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The temporary shutdowns will affect 25,000 workers, but there will be no layoffs, the world’s No. 1 automaker said. A March 11 earthquake and tsunami damaged auto parts plants in northeastern Japan.

All 13 of its North American plants will have down time, though the duration may vary at a few plants, Toyota spokesman Mike Goss said. For most plants, the one-day shutdowns will begin April 15 and end April 25, the company said. Toyota said future production plans will be determined later.

The North American plants have been using parts in their inventory or relying on those that were shipped before the earthquake.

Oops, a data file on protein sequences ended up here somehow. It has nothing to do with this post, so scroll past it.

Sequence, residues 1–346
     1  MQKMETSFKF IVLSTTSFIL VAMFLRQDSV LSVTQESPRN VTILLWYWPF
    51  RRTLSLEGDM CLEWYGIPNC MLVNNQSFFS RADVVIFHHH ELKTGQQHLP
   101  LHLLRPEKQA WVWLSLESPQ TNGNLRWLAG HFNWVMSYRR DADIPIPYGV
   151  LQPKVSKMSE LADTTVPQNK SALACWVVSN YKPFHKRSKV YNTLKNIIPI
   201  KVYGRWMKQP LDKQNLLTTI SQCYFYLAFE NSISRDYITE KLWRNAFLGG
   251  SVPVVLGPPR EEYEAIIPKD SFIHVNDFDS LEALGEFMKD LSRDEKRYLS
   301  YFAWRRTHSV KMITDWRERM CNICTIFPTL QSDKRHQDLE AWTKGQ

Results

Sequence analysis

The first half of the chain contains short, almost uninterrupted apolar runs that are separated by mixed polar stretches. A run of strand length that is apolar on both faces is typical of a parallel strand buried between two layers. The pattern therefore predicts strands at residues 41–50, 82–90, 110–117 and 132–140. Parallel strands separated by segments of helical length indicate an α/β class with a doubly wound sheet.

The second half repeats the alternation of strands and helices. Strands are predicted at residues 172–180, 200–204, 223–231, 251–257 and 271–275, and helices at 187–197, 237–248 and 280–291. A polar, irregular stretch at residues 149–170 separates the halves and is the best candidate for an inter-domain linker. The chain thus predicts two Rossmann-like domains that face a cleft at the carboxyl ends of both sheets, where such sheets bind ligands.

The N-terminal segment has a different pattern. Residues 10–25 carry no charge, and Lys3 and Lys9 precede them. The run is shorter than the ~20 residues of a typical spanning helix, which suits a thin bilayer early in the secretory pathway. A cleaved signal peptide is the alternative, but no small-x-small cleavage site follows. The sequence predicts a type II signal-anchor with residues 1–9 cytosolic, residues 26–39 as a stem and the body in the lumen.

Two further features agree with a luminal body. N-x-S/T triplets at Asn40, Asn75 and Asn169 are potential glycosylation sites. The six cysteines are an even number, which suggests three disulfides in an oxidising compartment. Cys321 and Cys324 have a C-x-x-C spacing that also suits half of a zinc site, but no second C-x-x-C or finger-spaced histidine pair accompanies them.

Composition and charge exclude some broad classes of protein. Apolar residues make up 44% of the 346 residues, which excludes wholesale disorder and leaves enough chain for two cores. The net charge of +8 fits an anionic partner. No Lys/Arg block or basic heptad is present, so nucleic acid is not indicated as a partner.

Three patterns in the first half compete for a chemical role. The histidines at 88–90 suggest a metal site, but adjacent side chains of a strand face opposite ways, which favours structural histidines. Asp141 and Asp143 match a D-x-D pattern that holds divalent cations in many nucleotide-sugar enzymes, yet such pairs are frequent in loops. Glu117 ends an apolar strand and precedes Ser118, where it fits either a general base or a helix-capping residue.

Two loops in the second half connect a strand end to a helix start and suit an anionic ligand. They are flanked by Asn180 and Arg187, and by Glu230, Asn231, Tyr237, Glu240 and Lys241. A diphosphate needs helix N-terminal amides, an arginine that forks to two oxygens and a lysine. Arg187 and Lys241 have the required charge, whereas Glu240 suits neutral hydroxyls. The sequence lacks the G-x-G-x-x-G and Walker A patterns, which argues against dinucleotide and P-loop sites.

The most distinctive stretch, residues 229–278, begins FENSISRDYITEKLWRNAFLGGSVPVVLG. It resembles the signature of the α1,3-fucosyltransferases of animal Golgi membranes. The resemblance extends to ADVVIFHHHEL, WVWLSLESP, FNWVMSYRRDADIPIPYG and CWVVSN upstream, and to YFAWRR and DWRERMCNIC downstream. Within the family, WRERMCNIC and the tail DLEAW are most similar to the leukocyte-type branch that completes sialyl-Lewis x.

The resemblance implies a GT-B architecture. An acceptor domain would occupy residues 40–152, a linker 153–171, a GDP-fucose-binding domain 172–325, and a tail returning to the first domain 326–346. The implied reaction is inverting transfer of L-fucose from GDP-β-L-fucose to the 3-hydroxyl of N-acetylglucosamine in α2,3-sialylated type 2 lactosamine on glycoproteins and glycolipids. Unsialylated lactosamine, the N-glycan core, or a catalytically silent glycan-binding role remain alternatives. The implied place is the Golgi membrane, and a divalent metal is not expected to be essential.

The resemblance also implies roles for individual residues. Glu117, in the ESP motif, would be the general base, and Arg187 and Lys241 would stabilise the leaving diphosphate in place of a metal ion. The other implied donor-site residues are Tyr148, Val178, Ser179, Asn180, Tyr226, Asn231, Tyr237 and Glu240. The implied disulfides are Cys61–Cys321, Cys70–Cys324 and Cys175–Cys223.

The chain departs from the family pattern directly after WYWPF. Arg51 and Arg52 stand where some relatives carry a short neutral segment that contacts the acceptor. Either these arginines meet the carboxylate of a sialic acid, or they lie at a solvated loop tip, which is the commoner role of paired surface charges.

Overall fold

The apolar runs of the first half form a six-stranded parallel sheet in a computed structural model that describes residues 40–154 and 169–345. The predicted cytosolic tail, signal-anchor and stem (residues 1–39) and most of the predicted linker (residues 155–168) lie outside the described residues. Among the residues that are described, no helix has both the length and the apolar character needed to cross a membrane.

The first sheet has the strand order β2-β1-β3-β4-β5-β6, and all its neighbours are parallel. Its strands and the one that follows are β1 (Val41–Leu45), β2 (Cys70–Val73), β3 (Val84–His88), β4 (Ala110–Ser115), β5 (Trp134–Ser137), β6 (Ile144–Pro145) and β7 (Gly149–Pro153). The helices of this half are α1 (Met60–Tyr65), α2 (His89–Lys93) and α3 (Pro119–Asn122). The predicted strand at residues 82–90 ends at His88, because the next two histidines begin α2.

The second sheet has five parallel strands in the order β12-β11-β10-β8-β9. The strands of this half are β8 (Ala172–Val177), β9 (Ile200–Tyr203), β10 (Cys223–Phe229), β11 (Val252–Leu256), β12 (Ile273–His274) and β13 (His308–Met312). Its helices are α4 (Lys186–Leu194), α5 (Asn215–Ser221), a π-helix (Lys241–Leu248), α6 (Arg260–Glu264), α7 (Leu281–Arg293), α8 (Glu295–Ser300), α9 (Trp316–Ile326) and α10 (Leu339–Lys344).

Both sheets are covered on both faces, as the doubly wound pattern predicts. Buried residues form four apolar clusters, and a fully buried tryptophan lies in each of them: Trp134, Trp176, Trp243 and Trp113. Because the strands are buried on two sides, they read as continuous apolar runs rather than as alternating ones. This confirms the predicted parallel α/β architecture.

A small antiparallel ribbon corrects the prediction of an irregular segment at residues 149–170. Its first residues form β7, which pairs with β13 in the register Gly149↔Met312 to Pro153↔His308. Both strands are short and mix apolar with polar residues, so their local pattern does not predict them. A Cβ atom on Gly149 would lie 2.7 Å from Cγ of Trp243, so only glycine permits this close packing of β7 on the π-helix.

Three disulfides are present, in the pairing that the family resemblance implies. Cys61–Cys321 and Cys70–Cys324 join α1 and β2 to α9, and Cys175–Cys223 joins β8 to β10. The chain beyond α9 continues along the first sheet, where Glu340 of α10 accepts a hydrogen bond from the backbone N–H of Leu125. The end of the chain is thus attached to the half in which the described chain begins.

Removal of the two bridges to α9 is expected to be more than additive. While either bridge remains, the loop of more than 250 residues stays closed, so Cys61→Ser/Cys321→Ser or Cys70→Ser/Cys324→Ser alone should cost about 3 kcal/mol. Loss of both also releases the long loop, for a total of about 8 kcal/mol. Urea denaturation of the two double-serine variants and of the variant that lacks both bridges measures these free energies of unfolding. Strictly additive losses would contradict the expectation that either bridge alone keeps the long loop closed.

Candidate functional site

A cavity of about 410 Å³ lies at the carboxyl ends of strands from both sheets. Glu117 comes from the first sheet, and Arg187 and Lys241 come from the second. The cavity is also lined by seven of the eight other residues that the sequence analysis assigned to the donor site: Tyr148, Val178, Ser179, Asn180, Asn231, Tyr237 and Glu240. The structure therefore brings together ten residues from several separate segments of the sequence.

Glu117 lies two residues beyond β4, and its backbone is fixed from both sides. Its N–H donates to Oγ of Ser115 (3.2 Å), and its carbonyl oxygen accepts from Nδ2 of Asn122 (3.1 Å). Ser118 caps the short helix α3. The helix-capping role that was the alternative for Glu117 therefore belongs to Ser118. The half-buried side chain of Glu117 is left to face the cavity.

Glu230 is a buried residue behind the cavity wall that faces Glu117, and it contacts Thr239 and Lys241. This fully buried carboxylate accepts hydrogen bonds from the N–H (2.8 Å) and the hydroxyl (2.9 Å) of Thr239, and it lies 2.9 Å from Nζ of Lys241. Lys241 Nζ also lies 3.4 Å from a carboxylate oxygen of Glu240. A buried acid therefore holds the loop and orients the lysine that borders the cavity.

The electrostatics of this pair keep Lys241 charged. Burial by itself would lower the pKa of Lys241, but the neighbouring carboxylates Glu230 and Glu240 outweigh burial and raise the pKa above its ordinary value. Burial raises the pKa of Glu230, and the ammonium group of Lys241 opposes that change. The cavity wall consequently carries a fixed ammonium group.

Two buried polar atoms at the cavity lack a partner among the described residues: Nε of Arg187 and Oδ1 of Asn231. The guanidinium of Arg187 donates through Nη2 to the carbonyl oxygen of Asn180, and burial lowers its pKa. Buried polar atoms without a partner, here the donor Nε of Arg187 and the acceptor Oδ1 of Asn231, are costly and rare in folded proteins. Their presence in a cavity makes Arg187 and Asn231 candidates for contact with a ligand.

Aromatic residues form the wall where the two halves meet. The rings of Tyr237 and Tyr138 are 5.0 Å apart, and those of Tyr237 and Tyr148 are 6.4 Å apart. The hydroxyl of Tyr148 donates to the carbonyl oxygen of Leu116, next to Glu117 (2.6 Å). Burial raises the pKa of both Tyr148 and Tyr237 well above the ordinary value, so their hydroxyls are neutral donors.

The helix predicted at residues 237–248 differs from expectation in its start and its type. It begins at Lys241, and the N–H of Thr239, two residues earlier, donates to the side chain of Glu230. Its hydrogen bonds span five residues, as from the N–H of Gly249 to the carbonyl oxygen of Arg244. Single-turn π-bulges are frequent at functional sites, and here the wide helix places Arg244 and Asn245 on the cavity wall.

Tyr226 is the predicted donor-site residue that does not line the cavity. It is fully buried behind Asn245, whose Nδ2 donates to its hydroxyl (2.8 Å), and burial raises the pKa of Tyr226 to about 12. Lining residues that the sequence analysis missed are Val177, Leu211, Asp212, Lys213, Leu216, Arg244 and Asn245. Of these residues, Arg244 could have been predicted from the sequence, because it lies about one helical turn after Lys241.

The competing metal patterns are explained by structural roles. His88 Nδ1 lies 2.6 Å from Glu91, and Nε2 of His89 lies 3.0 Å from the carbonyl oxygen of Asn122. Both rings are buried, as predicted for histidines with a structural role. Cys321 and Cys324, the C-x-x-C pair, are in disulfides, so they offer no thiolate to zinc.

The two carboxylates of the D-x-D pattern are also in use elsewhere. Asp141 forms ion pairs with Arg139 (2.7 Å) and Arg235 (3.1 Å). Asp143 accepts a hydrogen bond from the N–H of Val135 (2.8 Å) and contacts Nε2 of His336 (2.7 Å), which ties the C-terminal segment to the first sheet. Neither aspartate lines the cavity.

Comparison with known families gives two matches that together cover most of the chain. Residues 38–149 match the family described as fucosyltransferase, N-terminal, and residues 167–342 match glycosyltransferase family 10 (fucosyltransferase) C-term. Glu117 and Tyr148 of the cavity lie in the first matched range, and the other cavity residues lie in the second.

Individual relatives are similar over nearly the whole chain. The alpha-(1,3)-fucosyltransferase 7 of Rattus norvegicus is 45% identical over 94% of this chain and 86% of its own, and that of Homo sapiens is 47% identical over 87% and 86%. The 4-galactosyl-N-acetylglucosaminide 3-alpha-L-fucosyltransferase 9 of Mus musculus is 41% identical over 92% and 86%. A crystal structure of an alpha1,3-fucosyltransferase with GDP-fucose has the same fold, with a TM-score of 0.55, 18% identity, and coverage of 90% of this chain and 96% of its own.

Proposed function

FARMING

U.S. corn reserves falling to 15-year low

ST. LOUIS | Rising demand for corn from ethanol producers is pushing U.S. reserves to the lowest point in 15 years, a trend that could lead to higher grain and food prices this year.

The Agriculture Department on Friday left its estimate for corn reserves unchanged from the previous month. The reserves are projected to fall to 675 million bushels in late August, when the harvest begins, or roughly 5 percent of all corn consumed in the U.S. That would be the lowest surplus level since 1996.

The limited supply is chiefly because of increasing demand from ethanol makers, which rose 1 percent to 5 billion bushels. That’s about 40 percent of the total crop.

From wire dispatches and staff reports